When Your Dentist May Recommend Dental Cone Beam CT

April 10, 2022

When you go to your dentist, traditional dental x-rays don't tell everything. While dentists have been relying on visual exams and regular x-rays for years to diagnose and treat teeth, not all dental health problems can be detected that way, and some dental procedures like implants need more modern technology. Dental Cone Beam Computed Tomography (CBCT) is that technology. It's a different type of x-ray equipment that produces 3-D images using a moving computerized camera.

Dental cone beam computed tomography systems (CBCT) are similar to the medical CT or computing tomography systems that have been used in hospitals for decades. For example, if you've ever had an accident and hit your head, you may have had a CT scan to check your skull and brain for damage. With a flat panel CT or DVT, Digital Volume Tomography, the X-rays diverge to form a cone that scans you while you lie in a small tunnel.

The cone beam computed tomography technology is the same, but CBCT, especially used in dental imaging, has an advantage.A dentist can see more than your teeth. They see details of the nerve pathways, bones, soft tissue, and much more on a computer screen. Just like with today’s digital photos, they can zoom in and manipulate the high-quality images to get much more information than they can from film. This tool can help you and your dentist accurately diagnose problems, minimize treatments, and improve your long-term dental health.

When Your Dentist May Recommend Dental Cone Beam CT

Your dentist may recommend a 3-D dental image for various reasons. The longer the technology is around, the more uses medical experts have found.  

  • Orthodontics- Before creating braces, CBCT can help ensure the best results by getting a complete picture of the teeth and jaw.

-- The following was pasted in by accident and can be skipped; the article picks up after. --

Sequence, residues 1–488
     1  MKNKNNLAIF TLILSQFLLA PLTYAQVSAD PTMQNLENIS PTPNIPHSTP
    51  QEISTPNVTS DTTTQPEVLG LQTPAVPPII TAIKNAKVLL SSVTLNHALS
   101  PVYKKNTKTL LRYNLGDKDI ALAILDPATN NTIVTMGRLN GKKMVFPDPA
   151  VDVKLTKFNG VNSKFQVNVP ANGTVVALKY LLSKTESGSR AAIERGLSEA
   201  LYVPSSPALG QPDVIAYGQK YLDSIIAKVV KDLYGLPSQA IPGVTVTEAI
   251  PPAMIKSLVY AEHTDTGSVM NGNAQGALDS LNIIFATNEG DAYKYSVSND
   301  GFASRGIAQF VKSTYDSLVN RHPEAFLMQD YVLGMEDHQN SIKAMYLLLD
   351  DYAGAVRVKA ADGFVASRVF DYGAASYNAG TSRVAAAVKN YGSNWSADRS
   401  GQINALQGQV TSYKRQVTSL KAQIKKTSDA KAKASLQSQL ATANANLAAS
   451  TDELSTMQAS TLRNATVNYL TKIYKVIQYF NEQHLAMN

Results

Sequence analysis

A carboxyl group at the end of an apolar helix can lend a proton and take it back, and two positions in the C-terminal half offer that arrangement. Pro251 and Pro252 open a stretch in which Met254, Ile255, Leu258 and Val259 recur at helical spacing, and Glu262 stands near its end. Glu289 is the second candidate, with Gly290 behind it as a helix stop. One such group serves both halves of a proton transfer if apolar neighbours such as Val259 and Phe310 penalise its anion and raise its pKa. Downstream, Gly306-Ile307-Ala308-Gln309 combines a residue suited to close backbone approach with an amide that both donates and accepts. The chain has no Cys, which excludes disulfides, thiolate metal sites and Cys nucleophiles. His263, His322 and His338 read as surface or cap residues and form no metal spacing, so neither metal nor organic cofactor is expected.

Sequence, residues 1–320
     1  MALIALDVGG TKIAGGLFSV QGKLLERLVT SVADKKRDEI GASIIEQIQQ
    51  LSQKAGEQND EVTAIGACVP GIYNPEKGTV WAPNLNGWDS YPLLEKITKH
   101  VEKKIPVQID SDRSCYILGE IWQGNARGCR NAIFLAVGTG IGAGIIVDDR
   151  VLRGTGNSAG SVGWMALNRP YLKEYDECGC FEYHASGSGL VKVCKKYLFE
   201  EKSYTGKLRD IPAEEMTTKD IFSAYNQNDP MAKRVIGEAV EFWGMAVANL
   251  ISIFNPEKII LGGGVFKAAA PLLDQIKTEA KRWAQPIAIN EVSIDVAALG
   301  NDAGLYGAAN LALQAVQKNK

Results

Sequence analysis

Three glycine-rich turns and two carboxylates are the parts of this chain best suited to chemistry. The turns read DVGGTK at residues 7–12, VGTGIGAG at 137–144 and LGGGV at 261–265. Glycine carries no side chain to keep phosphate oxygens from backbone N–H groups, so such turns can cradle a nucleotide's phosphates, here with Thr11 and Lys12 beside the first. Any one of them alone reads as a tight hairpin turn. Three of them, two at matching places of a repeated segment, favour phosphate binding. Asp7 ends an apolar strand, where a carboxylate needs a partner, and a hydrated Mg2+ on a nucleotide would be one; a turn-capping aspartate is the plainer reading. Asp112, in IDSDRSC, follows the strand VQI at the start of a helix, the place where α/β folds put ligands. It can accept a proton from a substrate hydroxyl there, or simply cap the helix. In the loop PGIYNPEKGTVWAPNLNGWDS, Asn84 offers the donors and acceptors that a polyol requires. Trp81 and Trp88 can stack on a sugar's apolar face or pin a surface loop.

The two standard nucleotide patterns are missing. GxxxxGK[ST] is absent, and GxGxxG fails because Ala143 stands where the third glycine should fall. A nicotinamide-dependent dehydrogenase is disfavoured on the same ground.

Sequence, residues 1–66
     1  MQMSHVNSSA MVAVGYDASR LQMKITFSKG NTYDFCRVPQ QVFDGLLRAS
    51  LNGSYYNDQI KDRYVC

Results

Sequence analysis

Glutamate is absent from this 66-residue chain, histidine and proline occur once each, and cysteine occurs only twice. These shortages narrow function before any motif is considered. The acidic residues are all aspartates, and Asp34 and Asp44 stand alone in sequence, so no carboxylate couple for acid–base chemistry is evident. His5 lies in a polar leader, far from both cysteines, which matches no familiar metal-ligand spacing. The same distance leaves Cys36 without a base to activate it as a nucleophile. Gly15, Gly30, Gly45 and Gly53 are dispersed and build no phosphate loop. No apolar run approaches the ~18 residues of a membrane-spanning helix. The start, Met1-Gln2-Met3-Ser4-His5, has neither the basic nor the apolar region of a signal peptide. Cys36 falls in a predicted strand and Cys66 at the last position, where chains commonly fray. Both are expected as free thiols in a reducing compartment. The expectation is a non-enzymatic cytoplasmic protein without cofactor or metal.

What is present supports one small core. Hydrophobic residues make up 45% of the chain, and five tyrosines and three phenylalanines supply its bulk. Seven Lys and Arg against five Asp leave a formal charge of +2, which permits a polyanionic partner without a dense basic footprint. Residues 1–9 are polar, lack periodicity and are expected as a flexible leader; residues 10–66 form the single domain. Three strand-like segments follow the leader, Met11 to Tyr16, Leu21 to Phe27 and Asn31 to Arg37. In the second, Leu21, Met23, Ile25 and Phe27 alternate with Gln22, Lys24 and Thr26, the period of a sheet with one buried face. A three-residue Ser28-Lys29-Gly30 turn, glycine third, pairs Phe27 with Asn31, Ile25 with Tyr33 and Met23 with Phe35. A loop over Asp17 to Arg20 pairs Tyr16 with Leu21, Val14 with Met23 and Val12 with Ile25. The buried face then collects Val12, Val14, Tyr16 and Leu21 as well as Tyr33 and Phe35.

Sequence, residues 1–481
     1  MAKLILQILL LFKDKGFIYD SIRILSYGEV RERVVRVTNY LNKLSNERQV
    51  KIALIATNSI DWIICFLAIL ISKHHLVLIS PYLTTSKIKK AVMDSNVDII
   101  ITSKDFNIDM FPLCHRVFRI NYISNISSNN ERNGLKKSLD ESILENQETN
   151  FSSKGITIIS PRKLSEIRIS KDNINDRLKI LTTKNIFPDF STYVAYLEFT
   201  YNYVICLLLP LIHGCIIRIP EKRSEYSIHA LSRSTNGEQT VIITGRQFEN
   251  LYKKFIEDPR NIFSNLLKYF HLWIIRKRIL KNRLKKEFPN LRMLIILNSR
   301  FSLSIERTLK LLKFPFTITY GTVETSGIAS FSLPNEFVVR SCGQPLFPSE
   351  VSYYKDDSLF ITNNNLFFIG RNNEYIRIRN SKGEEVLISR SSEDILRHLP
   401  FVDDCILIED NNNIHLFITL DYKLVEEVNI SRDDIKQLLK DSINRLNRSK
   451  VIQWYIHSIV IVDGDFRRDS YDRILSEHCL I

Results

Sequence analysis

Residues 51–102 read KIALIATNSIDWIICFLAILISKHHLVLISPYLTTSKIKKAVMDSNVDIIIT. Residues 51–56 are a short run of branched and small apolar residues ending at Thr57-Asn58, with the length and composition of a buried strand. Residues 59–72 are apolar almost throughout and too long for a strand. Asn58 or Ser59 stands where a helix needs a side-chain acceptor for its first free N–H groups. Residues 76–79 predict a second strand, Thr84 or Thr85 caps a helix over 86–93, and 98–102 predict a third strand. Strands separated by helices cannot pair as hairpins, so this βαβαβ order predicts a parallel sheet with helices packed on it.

• TMJ-temporomandibular joint disorder is difficult to diagnose and treat without proper imaging. It is an excellent way to look for changes in structures surrounding the jaw joint for people with jaw pain.
  • Implants  - CBCT scans help in the planning of oral implants; they enable measurement of the distance between the alveolar crest and mandibular canal to avoid impingement of inferior alveolar nerve, avoid perforation of the mandibular posterior lingual undercut, and assess the density and quality of bone, and help in planning of the oral implant in the maxilla with special attention to the nasopalatine canal and maxillary sinus.
  • Detection of tumors and other oral health conditions– There are oral health problems linked to other diseases and health events. CBCT can save lives by detecting concerning conditions connected to strokes, heart attacks, diabetes, and Alzheimer’s.
  • Oral Surgery- impacted teeth and other conditions requiring surgery have better results with 3-D technology because the surgeon gets an accurate picture of the structures and surrounding tissues.
  • Endodontics - when you need a root canal, seeing the soft tissue around the infected tooth can be important. CBCT improves the results for root canals and other procedures.
  • Difficulty with traditional X-rays- people who have a problem with uncomfortable regular x-rays can benefit from CBCT. Children and adults with small mouths often struggle to hold x-ray implements in their mouths.

CBCT makes diagnosis and treatment easier, more accurate, and more successful. In medicine, the longer technology exists, the more sophisticated it becomes, and the more applications are found. While there was a time when only a few providers were offering CBCT scans today, they have become the norm , and choosing a dentist who uses a dental imaging center with the most modern equipment makes sense.

Resources From Our Blog

Are Dental X-Rays Safe? Here’s What the Science Says
Everything You Need to Know About Maxillofacial CT Scans
10 Daily Habits That Can Keep Your Teeth Healthy
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